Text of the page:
There is lots of foreshadowing for the story to come. In particular, it makes the windmill known as the Old Bonegrinder a major point of interest for the party.
(Quick side note: stop them from immediately going to the Bonegrinder. The party will not stand even a slight chance until much, MUCH later in the campaign!)
By the end of the Death House, there are three themes that should be firmly established in the players’ minds. We’ll look over those now.
Always remember: horror is a very personal thing. I’d greatly recommend also checking out my article on running horror in your own D&D 5e games!
Everything Will Be Corrupted
The nature of Barovia is that those things which were once good are destined to become corrupted. In fact, the more “good” something is, the more it “must” be corrupted.
This will ring true for several NPCs and locations as the party progresses into the
But the most terrifying part of this theme is that it also applies to the party themselves. They may come to Barovia expecting to be heroes, but the things that they will do and sacrifice for the sake of their own survival throughout the adventure will haunt them for the rest of their lives.
All things considered, though, that might not be terribly long… This is Barovia after all!
The Innocent Also Suffer
It’s natural to expect that villains are prone to suffering and getting their just desserts when it’s all said and done. That’s the foundation of storytelling for thousands of years!
However, what about those who just happened to be in the wrong place at the wrong time?
Unfortunately, the actions of the truly wicked mean that the innocents around them are also left to suffer. It’s possible to have been a good person who now lives a life of fear and misery as a result of another person’s evil actions.
So what purpose is there behind being a “good” person then? There might be some who have managed to mostly keep out of trouble, but they are very few in these lands.
This leads to the final theme that Death House establishes for the larger adventure…
Abandon All Hope
Surrounded by mists and living in fear of what could be behind any corner, those who come to Barovia find themselves tested. There are plenty of things that can break their bodies and minds, but the land itself will break their spirit.
The land is grim and desolate. Even (especially) the most ambitious of travelers have been crushed into dust by the horrors of this land.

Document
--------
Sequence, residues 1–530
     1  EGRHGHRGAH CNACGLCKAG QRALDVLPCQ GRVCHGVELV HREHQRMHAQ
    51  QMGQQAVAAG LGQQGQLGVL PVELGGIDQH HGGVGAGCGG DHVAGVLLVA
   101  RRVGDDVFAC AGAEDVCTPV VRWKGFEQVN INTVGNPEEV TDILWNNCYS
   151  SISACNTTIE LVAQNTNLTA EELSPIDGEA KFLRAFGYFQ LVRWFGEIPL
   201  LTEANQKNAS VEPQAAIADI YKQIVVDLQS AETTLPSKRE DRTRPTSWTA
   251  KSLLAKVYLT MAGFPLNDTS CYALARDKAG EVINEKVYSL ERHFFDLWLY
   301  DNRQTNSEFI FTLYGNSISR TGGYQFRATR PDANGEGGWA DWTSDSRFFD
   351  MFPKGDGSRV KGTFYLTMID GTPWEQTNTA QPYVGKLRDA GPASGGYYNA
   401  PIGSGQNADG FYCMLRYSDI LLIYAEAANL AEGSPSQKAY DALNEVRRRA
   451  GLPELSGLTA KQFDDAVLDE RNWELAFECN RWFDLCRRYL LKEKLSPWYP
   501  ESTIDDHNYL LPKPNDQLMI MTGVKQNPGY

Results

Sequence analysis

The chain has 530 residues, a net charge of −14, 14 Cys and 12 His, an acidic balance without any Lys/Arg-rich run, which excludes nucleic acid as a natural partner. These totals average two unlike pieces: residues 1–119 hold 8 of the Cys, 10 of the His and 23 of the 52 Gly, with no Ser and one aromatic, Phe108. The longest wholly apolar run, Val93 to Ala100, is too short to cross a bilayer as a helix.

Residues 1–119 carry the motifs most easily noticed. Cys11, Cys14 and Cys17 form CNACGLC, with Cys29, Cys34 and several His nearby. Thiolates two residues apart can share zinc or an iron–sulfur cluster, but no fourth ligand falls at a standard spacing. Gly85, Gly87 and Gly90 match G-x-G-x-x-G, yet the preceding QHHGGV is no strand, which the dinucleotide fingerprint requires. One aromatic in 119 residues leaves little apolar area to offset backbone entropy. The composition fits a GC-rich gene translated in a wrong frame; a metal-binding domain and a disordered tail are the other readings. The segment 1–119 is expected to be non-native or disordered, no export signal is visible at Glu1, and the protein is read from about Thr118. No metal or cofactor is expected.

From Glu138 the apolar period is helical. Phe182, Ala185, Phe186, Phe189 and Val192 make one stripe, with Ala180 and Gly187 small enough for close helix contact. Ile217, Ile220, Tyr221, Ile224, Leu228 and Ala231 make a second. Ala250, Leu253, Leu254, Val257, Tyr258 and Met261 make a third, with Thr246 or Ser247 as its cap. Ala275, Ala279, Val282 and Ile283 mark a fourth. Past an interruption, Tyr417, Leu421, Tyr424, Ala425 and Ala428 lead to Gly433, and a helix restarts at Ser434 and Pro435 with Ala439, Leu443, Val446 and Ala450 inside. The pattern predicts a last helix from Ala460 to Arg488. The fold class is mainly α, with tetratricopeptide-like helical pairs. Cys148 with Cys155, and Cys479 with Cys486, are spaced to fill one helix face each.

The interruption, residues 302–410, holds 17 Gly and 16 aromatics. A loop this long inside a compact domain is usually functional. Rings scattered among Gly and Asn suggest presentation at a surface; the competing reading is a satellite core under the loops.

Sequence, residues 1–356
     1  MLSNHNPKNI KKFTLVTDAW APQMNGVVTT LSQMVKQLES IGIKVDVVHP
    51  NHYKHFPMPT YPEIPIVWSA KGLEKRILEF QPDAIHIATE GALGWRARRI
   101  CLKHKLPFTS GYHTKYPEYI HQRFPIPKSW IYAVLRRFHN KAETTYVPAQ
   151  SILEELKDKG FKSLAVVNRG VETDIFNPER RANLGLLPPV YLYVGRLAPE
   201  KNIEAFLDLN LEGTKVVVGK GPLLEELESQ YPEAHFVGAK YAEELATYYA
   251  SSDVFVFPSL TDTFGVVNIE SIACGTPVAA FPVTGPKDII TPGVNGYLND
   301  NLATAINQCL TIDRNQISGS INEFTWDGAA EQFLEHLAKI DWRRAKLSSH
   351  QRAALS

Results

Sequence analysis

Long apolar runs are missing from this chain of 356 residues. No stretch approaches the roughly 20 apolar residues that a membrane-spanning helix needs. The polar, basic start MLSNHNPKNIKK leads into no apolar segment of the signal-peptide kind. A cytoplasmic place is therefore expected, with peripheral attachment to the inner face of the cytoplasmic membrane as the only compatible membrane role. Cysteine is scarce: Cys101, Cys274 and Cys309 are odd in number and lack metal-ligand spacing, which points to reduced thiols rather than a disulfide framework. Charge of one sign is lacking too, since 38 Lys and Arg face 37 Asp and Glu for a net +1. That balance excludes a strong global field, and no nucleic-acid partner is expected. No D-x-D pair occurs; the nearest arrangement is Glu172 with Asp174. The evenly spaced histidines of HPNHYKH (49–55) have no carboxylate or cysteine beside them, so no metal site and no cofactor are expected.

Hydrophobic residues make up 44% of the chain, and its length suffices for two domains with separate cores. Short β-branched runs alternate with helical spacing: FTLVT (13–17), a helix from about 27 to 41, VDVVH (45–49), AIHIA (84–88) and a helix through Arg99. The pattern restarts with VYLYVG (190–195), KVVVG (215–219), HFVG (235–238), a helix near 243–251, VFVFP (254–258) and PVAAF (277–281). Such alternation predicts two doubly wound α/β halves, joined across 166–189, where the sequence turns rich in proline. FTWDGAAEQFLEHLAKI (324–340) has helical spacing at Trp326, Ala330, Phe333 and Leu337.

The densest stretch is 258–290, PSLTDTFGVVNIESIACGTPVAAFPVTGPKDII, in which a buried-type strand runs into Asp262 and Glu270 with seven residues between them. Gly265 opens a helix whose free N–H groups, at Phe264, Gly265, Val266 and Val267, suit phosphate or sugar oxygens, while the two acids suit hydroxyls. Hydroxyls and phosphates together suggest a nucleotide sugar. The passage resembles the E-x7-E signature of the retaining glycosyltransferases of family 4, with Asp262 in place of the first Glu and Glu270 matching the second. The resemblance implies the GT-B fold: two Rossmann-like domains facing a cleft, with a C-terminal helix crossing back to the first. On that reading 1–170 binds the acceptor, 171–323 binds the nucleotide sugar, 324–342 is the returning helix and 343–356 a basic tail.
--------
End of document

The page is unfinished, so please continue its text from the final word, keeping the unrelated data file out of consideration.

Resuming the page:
Everything ends in tragedy and what hope the characters might have to escape Barovia will be snuffed out in time…
Barovia becomes a tomb for all who end up there.
Making the Death House Better
As far as campaign openings go, the Death House does a lot to establish the themes that will be appearing throughout the
However, there are a few things that I have incorporated that have made my parties’ experience that much more terrifying and fun!
As written, the plot hook is simply that there is a monster in the house. The children that the party encounters on the road (Rose and Thorn) are asking for help dealing with whatever entity is inside the house.
So there’s a certain level of “are we going to play D&D?” here. Ideally, everyone is happy to assist the children and play the game. However, that feels a little ham-fisted.
Add some emotion to the children’s request. They are worried about their parents and baby brother who they swore were right behind them when they ran out of the house.
If the party is reluctant, shine a little bit of gold their way. Rose and Thorn’s parents would surely be happy to pay the party for saving them!
The goal is to lure the party into the house. If they aren’t seizing the chance to be heroes, appeal to their love of coin and you’ll have all the hook you need.
Also, as an important note, there are two major things that you absolutely should not do.
- Don’t call it the Death House. It’s the Durst Mansion or, if the kids are talking, “our home.” Nobody’s going to eagerly go rushing into something called the Death House.
- Absolutely do not show the party the image of the children in the book. The art style is fantastic, but the kids are possibly the creepiest thing in the book. The party will attack them. Use this art from u/DinaMeta on Reddit instead. (Trust me!)
The Death House is actually a very challenging dungeon. The nature of D&D 5e is that it is almost hilariously easier to die at lower levels than it is at higher levels even as tougher enemies appear.
You want this to be fun, scary, and challenging. Avoid making it an outright execution if you can!